When You Can't Run, Keep Moving Forward...


I am a runner who is not running.  I am staying positive, but truth be told, it isn’t easy for me. When asked (frequently) what marathon I am training for,  I react with pain in my gut and try to figure out how to explain my situation.  I can’t run, but I am still moving forward.

Maybe this is good for me.  I have had twenty years of relatively injury free training.  There were three pregnancies and minor issues after each (plantar fasciitis and some hip issues), but I enjoyed years of great running.  Now is a time to expand my horizons and also to help me understand just how blessed I have been.  So, here is a summary of the injury as I understand right now.  I have degeneration in my lumbar spine between L5 and S1 – the Lumbosacral joint.  This was discovered with x-rays.  There is likely bulging at the disc there, but difficult to determine without an MRI.  Since May I have had issues with my left hamstring and glutes.  This is likely all due to the spine and the nerves being compressed.  My gait is off due to poor nerve function and then muscles are getting strained.  Currently I have chronic low back pain; it isn’t severe, but enough that it would be foolish to run and ignore it.

Good news, I am a triathlete as well as a runner!  I have alternative sports to keep me going.  I also have an excellent chiropractor, Geron Cowherd, who is providing so much insight and advice on how to deal with this injury (next article will be about Chiropractic Care and ART).  Lower back injuries are very common, especially among marathon runners due to the repetitive impact and stress of bounding as we run long distances.  A combination of genetics (low back issues run in my family), 20 years of running and pushing myself too hard in some complementary exercises (see below) are the underlying reasons for my current predicament.  I have a plan and I am confident that it will keep me moving forward.  I hope these suggestions can encourage others suffering from an unwanted injury.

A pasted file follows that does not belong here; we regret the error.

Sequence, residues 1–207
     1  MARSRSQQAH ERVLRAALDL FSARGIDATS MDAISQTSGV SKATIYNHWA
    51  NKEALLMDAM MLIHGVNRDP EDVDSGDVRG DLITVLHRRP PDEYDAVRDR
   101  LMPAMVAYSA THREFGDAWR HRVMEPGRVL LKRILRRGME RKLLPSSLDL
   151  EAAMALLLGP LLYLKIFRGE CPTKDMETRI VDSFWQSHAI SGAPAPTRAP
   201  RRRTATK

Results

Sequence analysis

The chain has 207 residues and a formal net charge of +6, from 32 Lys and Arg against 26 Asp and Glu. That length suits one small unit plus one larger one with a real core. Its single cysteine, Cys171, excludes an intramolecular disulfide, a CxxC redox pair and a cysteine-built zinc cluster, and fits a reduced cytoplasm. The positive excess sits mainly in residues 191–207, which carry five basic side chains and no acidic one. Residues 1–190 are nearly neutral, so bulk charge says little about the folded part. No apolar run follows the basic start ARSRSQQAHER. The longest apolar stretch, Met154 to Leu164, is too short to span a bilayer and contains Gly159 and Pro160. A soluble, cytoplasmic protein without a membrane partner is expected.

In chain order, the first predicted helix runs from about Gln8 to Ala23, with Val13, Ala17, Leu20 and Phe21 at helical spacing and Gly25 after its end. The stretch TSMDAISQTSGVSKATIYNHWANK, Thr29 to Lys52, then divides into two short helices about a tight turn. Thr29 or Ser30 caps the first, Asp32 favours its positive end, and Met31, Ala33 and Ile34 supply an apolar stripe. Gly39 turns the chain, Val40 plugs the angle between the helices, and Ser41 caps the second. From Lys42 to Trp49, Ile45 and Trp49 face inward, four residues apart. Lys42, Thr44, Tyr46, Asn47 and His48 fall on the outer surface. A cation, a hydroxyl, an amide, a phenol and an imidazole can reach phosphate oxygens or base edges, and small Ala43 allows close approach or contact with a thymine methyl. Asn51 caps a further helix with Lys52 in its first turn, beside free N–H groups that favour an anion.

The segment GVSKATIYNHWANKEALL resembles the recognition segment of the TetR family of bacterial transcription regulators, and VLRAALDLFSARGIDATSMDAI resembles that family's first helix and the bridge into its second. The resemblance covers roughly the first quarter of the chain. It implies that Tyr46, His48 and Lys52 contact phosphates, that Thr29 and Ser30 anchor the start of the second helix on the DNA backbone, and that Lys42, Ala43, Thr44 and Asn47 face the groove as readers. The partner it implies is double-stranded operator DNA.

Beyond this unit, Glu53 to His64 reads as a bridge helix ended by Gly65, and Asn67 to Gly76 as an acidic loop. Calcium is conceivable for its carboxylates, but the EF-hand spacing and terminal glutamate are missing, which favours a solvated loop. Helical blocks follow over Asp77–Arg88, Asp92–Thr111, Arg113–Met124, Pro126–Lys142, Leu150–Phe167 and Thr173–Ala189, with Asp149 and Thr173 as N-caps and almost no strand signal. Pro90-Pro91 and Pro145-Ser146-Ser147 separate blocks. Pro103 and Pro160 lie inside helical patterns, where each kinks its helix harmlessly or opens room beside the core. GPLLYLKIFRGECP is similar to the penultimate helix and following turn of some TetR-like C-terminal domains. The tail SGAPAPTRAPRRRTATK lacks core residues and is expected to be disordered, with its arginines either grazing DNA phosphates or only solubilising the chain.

How to combat injury and stay injury free:

  1. Do Strengthening Exercises:  It is essential to identify my weaknesses and do the correct type of strengthening exercises to correct my imbalances and deficiencies. I specifically need to focus on core strength to support my back.  Planks and abdominal exercises need to be my new favourite activities.  My left leg is also significantly weaker than my right (it was my left hamstring and glutes that have been flaring up all year) so I am doing specific exercises to activate my left leg.  These exercises include bunkies, bridge poses (activate glues), squats, lunges and slowly adding in more plyometric exercises as I build strength.
  2. Find a New Outlet for Athleticism:  I may not be running, but I am moving!  I am throwing myself into swimming, cycling and strength training.  Rather than approaching injury as a time to give up, see it as an opportunity to learn a new sport and get good at something new.  I am now planning on doing a 10km open water swim next summer.  This is something I have never done and it will give purpose to my swimming.  I have also joined a gym, something I have not done for years.  Spin classes and weight training will keep me energized and fit.
  3. Invest in Regular Chiropractic Care: Regular chiropractic adjustments restore spinal motion and alignment.  ART (Active Release Therapy) works the muscle tissues and ligaments to break up scar tissue and restore proper movement. Currently this is a more acute problem for me, affecting nerve functioning.  Regular adjustments can help prevent imbalances from getting severe and keep nerves functioning properly.  It often takes an injury to see the value in treatment.